On the top of my list this year as the dumbest toy I've ever seen is this thing:
Photo courtesy the Toys R' Us website

Have you seen this thing???  It's a dog.  That poops.  And farts.  Oh, holy hell.

My daughter told me about it a week or two ago.  She said she heard about a game with a pooping dog.  She said it sounded stupid.  I said there was no way there was such a thing, and she must have heard wrong.  Then I saw the commercial on TV, and lo and behold, there really is such a thing.
Again from the Toys R Us website

Now I haven't made a study of this thing, but the gist of it is you feed it this playdoh stuff and then wait for it to come out the back, where you shovel it with your shovel.  To get it to move through, it seems like you squeeze its leash and it makes lovely farting noises and somehow that moves the playdoh stuff through the dog until viola!--poop city.

What does any thinking person even say about this game?  I don't even know where to start.  The disbelief I felt when I first saw this thing was something else.  I'd love to meet the person who came up with it and ask them why they made this.  What drugs were they on at the time?  How old are they?  Is this a joke?  Are you trying to prove a point about American parents and children? 

So many questions.  We will NOT be owning one of these.  Ever.

My next candidate for the dumbest toy of the year awards is this:

Photo courtesy Amazon.com

Is there an upcoming dentist shortage that I ought to know about?  Is this why the kids are being recruited at such an early age?  Can you see your kids having fun making braces?  "Whoopie mom!  Looks like this guy needs a cleaning AND a root canal!  Guess I'll be able to buy that house in the Bahamas after all!"

Um....yeah.  Ok, that's another one that we won't be owning.

Next up---these:

Who wouldn't want one?  It's a baby vampire.  In a coffin.  Which you can customize, along with their tombstone.  They've got names that have the words "cadaver" and "gloom" in them.  So cuddly and lovable!  And you can feed it bottles of "blood".  Woo-hoo.  It's like a wish, wrapped in a dream, surrounded by cuddly balls of fluffy clouds.

We may skip that one too.

The rest of the list this year contains the following:
Thanks again for the pic, Amazon.com

Because you should always want to know what witty thing your dog is thinking as it Twitters you again and again and again and again.

Because zombie vomit is best shared among friends.  Bon Apetit!

Amazon.com again

What the hell is this thing?  A robot bunny?  I don't get it.  Happily, it's "powered by friendship", so it's got that going for it.  Which is nice.

And last but not least:
Photo from Brookstone

At least I can tell what this is.  It seems to be pretty much the same toy as the bunny-robot thing, but this one only speaks a made up language called "Penguish" and will harang you if you leave it alone, because it wants your attention.  Fun!!  Sign me up. 

I know there are probably so many more, as the American toy market this year is seemingly at the top of it's game, but I have other things to do.  However, enjoy these lovely offerings I have brought you.  Oh, and if you want to read this post with a cuddly undead friend and a bowl of zombie brains, who can blame you?  Rock on!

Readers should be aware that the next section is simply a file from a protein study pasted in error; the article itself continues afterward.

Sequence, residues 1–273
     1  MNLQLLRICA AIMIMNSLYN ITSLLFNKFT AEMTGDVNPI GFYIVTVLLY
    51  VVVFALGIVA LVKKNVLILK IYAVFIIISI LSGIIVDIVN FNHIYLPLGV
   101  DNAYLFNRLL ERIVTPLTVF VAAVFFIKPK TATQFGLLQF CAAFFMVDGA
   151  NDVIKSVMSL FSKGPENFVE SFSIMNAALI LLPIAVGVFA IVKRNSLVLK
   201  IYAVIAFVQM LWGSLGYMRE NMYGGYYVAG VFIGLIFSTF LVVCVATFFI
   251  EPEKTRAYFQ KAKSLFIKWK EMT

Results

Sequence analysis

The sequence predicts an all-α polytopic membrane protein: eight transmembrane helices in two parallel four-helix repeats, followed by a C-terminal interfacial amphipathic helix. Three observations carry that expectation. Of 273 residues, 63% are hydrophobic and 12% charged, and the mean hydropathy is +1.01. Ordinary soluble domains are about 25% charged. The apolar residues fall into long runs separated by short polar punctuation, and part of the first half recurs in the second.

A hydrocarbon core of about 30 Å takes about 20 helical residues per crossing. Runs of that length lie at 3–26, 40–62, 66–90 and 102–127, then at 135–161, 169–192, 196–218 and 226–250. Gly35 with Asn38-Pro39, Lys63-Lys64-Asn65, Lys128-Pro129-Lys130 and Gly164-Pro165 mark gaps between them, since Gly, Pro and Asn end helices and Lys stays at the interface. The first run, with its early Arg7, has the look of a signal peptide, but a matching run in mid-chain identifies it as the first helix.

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Monday, November 21, 2011

Totally. Worth. It

I don't know....can anyone really convey sarcasm via the web?  If not, then I'll tell you off the bat that that was sarcasm, folks.

After all that boiling and melting down of beeswax and other stuff for what seemed like forever, this is the nice beeswax that it made:

Wowee.  Pardon me if I'm slightly underwhelmed.

There was so much "stuff" in the wax that I resorted to squeezing out the "stuff" in order to get the wax it was hiding, which was messy and hot. 

At least it didn't go to waste--I guess.

Well, that's over with.  Now to decide what to do about next year.  Hmm.....

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Sunday, November 20, 2011

Expensive Failure

Never let it be said that I don't share my epic fails with you.  The potatoes were one, but this one was probably worse.
Yup, those were the bees.  At least, some of them.  I have no idea what happened to them, so I couldn't even presume to tell you.

I went in to the hive today, as it was mild, to see if they needed the feeder put in.  I will say, it's looked pretty quiet over there for a few weeks.  Of course, it's also been really cold, so I thought maybe they were all laying low.  Not so.  When I got the hive open, this is what I saw:
Empty dead comb after empty dead comb.  Done-o.  Finito.  Adios. 


I have no idea what happened.  It's not CCD, as far as I can tell, because it's not like they just died and left everything behind.  It's like they moved out. 

Maybe they swarmed.  But then there would be some bees left.  Maybe the queen died and they didn't replace her.  I have no idea.  All I can tell is that there weren't enough dead bees in the bottom to make up a whole hive, so most of them went somewhere else. 

You got me.  What a failure.

Anyway, I'm not one to let all of this go to waste.  I scraped a fair bit of comb for the wax and brought it inside to render.

It's not really nice stuff.  Some of it is, but a lot of it is crappy.  I'm doing it anyway, so I can see if there's anything salvageable about this disaster.  I currently have it bubbling away over a double boiler to melt it, and then I'll strain it through some layers of cheesecloth to get out the yutz, which is probably most of it.  Whatever I get will be fine.  Word of advice:  Beeswax fresh from the comb takes a long time to melt down, so be patient.  I've done this method before, and it took a long time.  A long, long time.